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Publication numberUS20060247597 A1
Publication typeApplication
Application numberUS 11/117,902
Publication dateNov 2, 2006
Filing dateApr 29, 2005
Priority dateApr 29, 2005
Publication number11117902, 117902, US 2006/0247597 A1, US 2006/247597 A1, US 20060247597 A1, US 20060247597A1, US 2006247597 A1, US 2006247597A1, US-A1-20060247597, US-A1-2006247597, US2006/0247597A1, US2006/247597A1, US20060247597 A1, US20060247597A1, US2006247597 A1, US2006247597A1
InventorsCynthia Hogan, David Zenker
Original AssigneeKimberly-Clark Worldwide, Inc.
Export CitationBiBTeX, EndNote, RefMan
External Links: USPTO, USPTO Assignment, Espacenet
Garment with a reversible fastening system
US 20060247597 A1
Abstract
A reversible fastening system allows an absorbent article to be fastened in a first condition, with a pair of first fasteners engaging the garment facing surface of a first waist region. Alternatively, the absorbent article may be fastened in a second condition, with a pair of second fasteners engaging the garment facing surface of a second waist region. The first condition can be generally viewed as the “reverse” of the second condition.
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Claims(20)
1. A disposable absorbent article having opposed longitudinal side edges, opposed lateral end edges, a first waist region, a second waist region and a crotch region which extends between and connects the first waist region and the second waist region, the disposable absorbent article comprising:
a bodyfacing surface;
a garment facing surface;
an absorbent core; and
a reversible fastening system comprising:
a pair of first fasteners, at least a portion of each first fastener being situated inboard from each longitudinal side edge of the second waist region, each first fastener being configured to engage at least a portion of the garment facing surface of the first waist region; and
a pair of second fasteners, at least a portion of each second fastener being situated inboard from each longitudinal side edge of the first waist region, each second fastener being configured to engage at least a portion of the garment facing surface of the second waist region;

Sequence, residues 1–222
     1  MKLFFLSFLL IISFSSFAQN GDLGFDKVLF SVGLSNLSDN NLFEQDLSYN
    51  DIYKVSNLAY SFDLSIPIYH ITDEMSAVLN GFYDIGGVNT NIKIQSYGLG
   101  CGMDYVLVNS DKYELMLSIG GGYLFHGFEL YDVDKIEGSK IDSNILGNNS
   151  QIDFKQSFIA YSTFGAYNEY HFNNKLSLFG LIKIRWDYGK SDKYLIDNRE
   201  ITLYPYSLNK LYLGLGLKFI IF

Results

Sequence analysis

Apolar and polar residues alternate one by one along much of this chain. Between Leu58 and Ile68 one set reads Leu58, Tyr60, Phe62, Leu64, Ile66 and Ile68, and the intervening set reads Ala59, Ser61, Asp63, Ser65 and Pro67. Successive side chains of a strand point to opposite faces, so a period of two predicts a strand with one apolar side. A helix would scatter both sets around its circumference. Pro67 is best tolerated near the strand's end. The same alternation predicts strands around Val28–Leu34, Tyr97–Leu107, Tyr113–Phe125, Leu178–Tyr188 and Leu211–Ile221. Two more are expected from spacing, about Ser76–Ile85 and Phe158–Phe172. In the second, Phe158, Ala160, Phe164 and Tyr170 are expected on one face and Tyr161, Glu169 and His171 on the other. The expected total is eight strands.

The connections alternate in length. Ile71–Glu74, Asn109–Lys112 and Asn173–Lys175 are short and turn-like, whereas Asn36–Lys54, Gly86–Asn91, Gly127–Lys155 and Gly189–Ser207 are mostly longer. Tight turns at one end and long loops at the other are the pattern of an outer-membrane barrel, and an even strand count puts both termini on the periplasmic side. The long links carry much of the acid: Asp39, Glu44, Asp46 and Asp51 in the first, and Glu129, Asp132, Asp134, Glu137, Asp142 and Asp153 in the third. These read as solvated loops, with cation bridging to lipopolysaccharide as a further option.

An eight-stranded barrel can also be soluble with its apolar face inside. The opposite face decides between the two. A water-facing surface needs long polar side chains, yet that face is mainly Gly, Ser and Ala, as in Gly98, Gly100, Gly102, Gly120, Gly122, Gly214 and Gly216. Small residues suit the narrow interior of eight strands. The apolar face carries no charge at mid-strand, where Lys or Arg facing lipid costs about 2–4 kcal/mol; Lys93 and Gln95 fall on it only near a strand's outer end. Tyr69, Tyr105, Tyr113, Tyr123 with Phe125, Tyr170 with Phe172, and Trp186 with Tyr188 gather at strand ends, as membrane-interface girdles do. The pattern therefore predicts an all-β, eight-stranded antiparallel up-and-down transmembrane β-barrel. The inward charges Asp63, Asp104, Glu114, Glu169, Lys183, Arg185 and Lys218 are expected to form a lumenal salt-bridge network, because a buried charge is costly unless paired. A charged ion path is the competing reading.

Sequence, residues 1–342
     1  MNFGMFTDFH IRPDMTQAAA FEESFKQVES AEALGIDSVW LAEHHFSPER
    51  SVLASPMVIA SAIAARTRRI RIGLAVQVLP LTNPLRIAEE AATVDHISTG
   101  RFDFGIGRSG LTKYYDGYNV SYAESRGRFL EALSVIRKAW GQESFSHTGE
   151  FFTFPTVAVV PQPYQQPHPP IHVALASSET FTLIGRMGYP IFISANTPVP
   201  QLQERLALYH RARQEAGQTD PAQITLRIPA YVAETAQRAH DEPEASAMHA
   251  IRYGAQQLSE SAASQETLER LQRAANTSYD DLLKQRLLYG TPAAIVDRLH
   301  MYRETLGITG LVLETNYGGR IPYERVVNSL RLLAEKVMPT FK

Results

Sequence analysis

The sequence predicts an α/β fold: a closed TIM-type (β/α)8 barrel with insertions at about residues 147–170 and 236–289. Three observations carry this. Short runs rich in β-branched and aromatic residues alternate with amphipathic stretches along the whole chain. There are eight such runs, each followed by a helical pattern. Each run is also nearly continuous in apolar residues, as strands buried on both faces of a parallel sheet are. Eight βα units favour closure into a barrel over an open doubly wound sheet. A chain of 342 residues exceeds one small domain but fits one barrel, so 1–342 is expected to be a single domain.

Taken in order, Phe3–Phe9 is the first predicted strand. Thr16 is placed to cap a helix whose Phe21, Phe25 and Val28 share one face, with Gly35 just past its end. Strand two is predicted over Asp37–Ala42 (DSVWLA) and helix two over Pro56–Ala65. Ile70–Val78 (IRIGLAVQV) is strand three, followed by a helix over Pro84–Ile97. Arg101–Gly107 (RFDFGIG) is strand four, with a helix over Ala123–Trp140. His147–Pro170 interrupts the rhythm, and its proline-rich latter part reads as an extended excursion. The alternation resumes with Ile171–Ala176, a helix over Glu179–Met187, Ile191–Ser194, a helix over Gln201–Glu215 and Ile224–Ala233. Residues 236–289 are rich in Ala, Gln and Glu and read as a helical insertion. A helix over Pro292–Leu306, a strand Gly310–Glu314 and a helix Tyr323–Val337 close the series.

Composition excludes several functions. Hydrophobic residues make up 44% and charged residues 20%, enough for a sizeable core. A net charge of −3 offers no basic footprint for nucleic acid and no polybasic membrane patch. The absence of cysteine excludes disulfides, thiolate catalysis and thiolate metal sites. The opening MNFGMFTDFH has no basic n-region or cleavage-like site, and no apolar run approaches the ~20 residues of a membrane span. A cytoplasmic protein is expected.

wherein with the lateral end edge in the first waist region and the lateral end edge in the second waist region aligned, the pair of first fasteners and the pair of second fasteners longitudinally overlap another.
2. The disposable absorbent article of claim 1 wherein the pair of first fasteners are located on a bodyfacing surface and the pair of second fasteners or located on a bodyfacing surface.
3. The disposable absorbent article of claim 1 further comprising a lateral centerline, wherein the pair of first fasteners and the pair of second fasteners are positioned substantially symmetrically about the lateral centerline.
4. The disposable absorbent article of claim 1 further comprising a lateral centerline, wherein the absorbent core is asymmetric about the lateral centerline.
5. The disposable absorbent article of claim 1 wherein the garment facing surface in the first waist region comprises a fastening panel, and the garment facing surface in the second waist region comprises a fastening panel.
6. The disposable absorbent article of claim 1 wherein the fastening panel in the first waist region comprises first indicia, the fastening panel in the second waist region comprises second indicia, the first indicia indicating a first position and the second indicia indicating a second position.
7. The disposable absorbent article of claim 6 wherein the first position is a back position and the second sleeping position is a front position.
8. The disposable absorbent article of claim 7 further comprising a lateral centerline, wherein the absorbent core has a greater absorbent capacity on the second waist region side of the lateral center line.
9. The disposable absorbent article of claim 1 further comprising a lateral centerline and a surge layer, the surge layer placed asymmetrically about the lateral centerline.
10. A disposable absorbent article having opposed longitudinal side edges, opposed lateral end edges, a lateral centerline, a first waist region, a second waist region and a crotch region which extends between and connects the first waist region and the second waist region, the disposable absorbent article comprising:
a bodyfacing surface;
a garment facing surface;
an absorbent core; and